Anders Beck talks Greensky Bluegrass and the two paths they tread

Anders Beck and Greensky Bluegrass at Shagbark Farm in Michigan (7/16/21) – photo © Bryan Bolea

Greensky Bluegrass straddles two worlds, one that nods towards bluegrass and the other that uses it as a springboard for seeking other plateaus. While their name clearly indicates their affection for traditional picking and singing, the band make it a point not to be confined to any particular parameters. Those that insist on labeling their sound often refer to it as nu-grass, grassicana, Americana, or jamgrass, but one thing is well established — their mix of classic and contemporary sounds definitely defies any easy description. While banjo, mandolin, and dobro play a decided role in their instrumental make-up, spontaneity and improvisation allow them to pursue other avenues, and keep them in tune to a wide realm of possibilities.

Formed in 2000 in Kalamazoo, Michigan by banjo player Michael Arlen Bon and guitarist Dave Bruzza, the band has undergone several changes in personnel over the past 20 years, resulting in the current line-up consisting of Bont, Bruzza, Anders Beck (dobro, resophonic guitar), Michael Devol (bass, vocals), and Paul Hoffman (mandolin, vocals). A win at the Telluride Bluegrass Festival Competition in 2006 elevated their visibility, and now they currently count ten albums released between 2004 and 2019. With the pandemic slowing their outside activity and bringing their touring to a halt, they opted to make the most of their time off by releasing a series of digital only offerings which they dubbed The Leap Year Sessions.

“There was a lot going on,” Beck insisted when Bluegrass Today spoke with him by phone. “We all went to St. Louis and recorded a series of closed performances on high definition video in an empty venue. They’re high quality recordings that were well shot and well edited, and we released them during quarantine. We wanted to create something for people that were stuck at home, and the best thing we came up with were these video sessions. And then we released them every week or so. We got great a reaction from people who saw it as a further way for fans to experience the music without having to go anywhere, or leave the safety of their living rooms. For us, it’s a little window in time. We were really excited to be playing together, but also, it was really freaking weird to be playing in a venue with no people in it.”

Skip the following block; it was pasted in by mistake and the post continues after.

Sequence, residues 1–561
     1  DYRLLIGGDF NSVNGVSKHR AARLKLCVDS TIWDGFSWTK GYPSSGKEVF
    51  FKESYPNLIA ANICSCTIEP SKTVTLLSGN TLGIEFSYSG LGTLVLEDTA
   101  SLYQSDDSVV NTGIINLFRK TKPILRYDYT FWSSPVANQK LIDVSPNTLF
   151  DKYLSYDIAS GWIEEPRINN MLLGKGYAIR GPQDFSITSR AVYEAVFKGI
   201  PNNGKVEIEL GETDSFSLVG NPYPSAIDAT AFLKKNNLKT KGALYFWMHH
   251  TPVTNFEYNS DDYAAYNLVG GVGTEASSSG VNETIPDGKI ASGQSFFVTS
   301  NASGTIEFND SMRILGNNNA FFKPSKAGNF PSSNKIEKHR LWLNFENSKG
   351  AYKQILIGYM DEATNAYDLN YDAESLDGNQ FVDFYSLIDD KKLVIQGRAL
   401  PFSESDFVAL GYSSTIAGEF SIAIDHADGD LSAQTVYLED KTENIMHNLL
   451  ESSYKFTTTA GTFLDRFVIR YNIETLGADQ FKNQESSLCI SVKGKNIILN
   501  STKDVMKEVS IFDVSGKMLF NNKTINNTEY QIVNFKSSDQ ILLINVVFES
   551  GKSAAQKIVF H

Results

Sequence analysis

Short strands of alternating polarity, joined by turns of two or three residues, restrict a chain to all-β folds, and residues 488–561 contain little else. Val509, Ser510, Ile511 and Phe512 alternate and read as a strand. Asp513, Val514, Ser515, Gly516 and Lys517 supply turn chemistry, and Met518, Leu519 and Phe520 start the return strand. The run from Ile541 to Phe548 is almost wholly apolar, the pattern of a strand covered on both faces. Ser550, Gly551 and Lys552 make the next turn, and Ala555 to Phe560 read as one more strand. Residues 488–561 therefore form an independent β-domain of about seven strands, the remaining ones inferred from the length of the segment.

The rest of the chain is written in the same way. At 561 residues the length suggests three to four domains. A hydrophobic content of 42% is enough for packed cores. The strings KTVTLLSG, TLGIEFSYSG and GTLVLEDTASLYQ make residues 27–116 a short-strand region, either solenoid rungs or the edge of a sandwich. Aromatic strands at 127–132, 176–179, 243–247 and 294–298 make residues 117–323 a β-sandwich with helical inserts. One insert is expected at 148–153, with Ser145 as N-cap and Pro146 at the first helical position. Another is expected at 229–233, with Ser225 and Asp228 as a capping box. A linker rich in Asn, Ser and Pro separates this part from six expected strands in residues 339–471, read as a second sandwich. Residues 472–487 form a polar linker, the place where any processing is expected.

To an outside observer however, the bigger challenge might be how to keep their influences aligned while trying to ensure their appeal to a decidedly diverse audience.

“The answer to that can run a gamut of responses, depending on whatever day we’re talking about,” Beck muses. “It works because we are raising the reverence for bluegrass while varying the template at the same time. I like listening to bluegrass music as much as I like to listen to rock and roll music, or jazz music, or reggae music, or whatever. Our influences are just all across the gamut, and of course, bluegrass is one of them. But just because we sort of stumbled on playing music on bluegrass instruments doesn’t necessarily mean that we have to stick with bluegrass. For me, learning that style of music was incredibly important. It gave us a jumping off point to do what we like to do. That’s our reverence for the music right there in a nutshell. You have to be able to play bluegrass, quote, unquote, correctly or properly, and play it well in order to start to monkey with it.”

Still, that begs the question of how the band attempts to please traditional bluegrass lovers while still bringing newer fans into the fold. Asked if they might worry about alienating anyone in that process, Beck quickly demurs. 

“I’ll tell you, we don’t worry about it anymore,” he insists “Honestly, we sort of forget about that. The key to understanding the name is that green sky is literally the complete opposite of blue grass. Okay, so we are bluegrass, but we are also the complete opposite. Now that we’ve grown into that name, it’s become a witty little pun. The name itself has really come home to roost, because we are often so far away from bluegrass a lot of the time during our shows. For so long, we felt like we were trying to appease this bluegrass audience, or else those people would get mad at us if we didn’t do bluegrass the way the traditional camp expected us to. We thought they would hate us. We’d be screwed. We felt we needed to do it the right way and all that other stuff. But what we found is that no one was really getting mad at us ever. At least they didn’t express it. We never got the death threats we were expecting.”